"I'm never at my best in the early morning, especially a cold morning in the Yorkshire spring with a piercing March wind sweeping down from the fells, finding its way inside my clothing, nipping at my nose and ears."
Have you read James Herriot? When I was a teenager, my mother bought his now famous "All Creatures Great and Small" debut novel/memoir, and I borrowed it. Since then, I have read this book at least five times, and of course I have my own treasured copy.
I used public transportation a lot back then. Riding on the metro bus in NYC, I passed time by reading. Herriot was so hilarious at times that I laughed out loud on crowded buses--and didn't care what people thought, which was unusual for self-conscious me.
A gifted writer, Herriot's books are astonishingly charming true stories of his life as a vet in the early nineteenth century in Yorkshire, England. Having read all his books more than once, I learned things that came in handy when I later wrote my own novels set in England, though not in Yorkshire.
There aren't many books I can read again and again. Herriot's are exceptions. They'll have you laughing your sides off, squirming, re-reading passages for sheer pleasure, and shaking your head at characters. (Animals are characters in their own right, and you'll learn much about cattle, birthing livestock, pigs and dogs, to name a few.)
My favorite of his, and the creme de la creme, in my opinion, is All Things Bright and Beautiful. Some of the funniest moments I have ever read in literature are in this book.
The PBS series ("All Creatures Great and Small") drew on material from the books, but I never was able to really appreciate the adaptations. The characters in the book were so strongly drawn in my mind that the actors couldn't compare. I've only seen a handful of episodes.
The beauty of the books is that each chapter is a perfect little story of its own, and you can read them that way; but together the story of Herriot's life unfolds, always with unflinching honesty, self-effacing humor, and above all, great affection for the people, places, and animals he lived and worked among. You will never feel the same about the beautiful northern area that is Yorkshire.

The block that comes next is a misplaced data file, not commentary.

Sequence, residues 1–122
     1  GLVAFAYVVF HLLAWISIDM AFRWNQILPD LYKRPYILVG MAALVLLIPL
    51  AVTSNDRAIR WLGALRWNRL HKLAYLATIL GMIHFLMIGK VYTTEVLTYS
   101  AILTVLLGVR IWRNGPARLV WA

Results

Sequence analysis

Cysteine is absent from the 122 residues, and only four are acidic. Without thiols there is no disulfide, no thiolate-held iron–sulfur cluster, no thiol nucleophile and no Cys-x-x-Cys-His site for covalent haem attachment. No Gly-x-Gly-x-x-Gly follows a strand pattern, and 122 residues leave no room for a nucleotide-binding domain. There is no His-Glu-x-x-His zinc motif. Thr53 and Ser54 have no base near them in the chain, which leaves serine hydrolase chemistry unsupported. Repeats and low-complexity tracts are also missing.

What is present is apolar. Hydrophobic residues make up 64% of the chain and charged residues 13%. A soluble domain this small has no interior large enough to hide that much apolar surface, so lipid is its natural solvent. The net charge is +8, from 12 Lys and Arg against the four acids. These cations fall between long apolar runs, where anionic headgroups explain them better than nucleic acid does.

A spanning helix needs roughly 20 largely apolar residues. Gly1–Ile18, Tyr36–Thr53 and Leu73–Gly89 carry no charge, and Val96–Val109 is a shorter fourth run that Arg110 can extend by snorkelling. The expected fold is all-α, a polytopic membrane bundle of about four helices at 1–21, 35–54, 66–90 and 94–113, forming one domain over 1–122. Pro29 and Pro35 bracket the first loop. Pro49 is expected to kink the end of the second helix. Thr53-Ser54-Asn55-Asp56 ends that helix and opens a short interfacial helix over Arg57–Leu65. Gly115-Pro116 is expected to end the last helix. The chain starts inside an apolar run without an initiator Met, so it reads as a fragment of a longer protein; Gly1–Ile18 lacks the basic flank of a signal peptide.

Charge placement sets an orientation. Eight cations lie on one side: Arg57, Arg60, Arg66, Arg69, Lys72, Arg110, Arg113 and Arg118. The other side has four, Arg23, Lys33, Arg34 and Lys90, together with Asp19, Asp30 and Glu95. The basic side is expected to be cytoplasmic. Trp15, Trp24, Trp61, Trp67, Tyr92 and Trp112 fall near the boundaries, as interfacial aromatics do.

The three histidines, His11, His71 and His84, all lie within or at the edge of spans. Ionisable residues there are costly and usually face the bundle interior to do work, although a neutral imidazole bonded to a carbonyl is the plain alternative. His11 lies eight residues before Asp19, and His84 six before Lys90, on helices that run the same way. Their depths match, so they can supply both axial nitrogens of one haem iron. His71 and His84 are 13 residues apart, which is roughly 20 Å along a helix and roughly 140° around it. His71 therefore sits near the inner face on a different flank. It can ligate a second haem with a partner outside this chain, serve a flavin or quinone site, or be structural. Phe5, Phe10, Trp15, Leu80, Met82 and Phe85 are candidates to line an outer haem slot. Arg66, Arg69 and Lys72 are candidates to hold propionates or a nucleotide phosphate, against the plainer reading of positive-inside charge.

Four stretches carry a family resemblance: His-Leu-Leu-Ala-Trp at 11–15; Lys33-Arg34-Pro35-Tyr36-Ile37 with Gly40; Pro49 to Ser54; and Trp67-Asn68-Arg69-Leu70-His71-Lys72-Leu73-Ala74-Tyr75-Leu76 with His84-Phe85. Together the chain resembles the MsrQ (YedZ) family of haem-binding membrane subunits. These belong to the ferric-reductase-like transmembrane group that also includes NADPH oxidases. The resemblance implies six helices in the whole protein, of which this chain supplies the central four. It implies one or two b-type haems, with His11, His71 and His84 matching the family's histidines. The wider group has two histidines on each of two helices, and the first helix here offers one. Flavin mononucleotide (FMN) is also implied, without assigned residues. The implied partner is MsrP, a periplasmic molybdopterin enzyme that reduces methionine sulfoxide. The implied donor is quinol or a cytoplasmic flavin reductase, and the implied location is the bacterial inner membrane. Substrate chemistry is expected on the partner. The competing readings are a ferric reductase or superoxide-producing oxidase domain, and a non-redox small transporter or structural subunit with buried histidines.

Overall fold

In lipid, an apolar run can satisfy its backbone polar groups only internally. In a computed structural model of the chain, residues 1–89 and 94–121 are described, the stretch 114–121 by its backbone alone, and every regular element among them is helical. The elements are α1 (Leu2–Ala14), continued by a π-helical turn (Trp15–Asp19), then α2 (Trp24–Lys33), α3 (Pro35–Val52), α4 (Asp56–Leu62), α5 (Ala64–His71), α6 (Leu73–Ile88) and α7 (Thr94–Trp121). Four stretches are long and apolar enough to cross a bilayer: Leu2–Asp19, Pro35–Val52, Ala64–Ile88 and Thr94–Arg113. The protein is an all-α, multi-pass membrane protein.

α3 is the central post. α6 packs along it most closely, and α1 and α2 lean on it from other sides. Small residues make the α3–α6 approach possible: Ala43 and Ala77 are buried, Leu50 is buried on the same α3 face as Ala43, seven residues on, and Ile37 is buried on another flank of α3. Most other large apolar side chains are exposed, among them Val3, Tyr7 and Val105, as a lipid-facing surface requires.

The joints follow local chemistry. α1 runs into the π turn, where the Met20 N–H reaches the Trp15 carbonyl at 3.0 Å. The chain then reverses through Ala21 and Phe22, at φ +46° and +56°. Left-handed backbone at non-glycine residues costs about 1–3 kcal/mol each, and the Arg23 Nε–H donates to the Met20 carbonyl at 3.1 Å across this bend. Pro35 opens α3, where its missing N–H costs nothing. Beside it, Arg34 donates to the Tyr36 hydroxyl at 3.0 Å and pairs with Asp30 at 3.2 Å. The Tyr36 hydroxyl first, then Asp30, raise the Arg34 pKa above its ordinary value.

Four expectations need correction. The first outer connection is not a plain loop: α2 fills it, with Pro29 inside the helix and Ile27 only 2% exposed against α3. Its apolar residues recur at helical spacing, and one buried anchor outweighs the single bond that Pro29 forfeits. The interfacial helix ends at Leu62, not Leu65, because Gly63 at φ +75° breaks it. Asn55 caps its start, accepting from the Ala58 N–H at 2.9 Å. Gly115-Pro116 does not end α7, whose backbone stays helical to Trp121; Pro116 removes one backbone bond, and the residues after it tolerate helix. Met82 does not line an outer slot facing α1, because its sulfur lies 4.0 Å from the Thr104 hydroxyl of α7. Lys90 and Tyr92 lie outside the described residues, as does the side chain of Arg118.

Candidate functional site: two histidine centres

I seldom recommend books with such glowing assurance--but Herriot's have brought me so many happy hours that I would be unjust not to. Millions of people have made the trek to Yorkshire just to visit his now famous "surgery" (the vet's office) and the countryside he so wonderfully depicts in the stories.
If you take the plunge into his world, here are a few tips:
1. Some people find the dialect of the dales off-putting. My advice is to stick with it. You'll soon understand and enjoy it.
2. Read the books in the order they were written. Herriot borrowed a famous poem to title his works, but the first book in the series is not the first line of the poem. Here's the proper order to read them in:
(Much later) Every Living Thing
Eventually more books came out of these stories, including ones for children, for dog lovers, or horse lovers, but these first are not to be missed!
A note for Christian readers--Despite the titles, Herriot's books are not "Christian" books. That is, he avoids the subject of God almost entirely. He spends a great deal of time admiring Creation up in those dales and "fells" but seems to have kept a strict policy of leaving religion out of his writing. Just FYI.
If the Herriot books seem too "tame" for you, try my latest apocalyptic/suspense YA series.
|To See Book One--PULSE--Click Here|
PS: I'm preparing a coaching program for new writers who want to write and publish a book, but haven't found a way to follow through and do it. I'll hold your hand through the process--all the way from idea (or first draft) to published novel. I can only take on 12 people or less. Let me know if you might be interested and I'll send you the details.. Email me: Linore(at)LinoreBurkard(dot)com.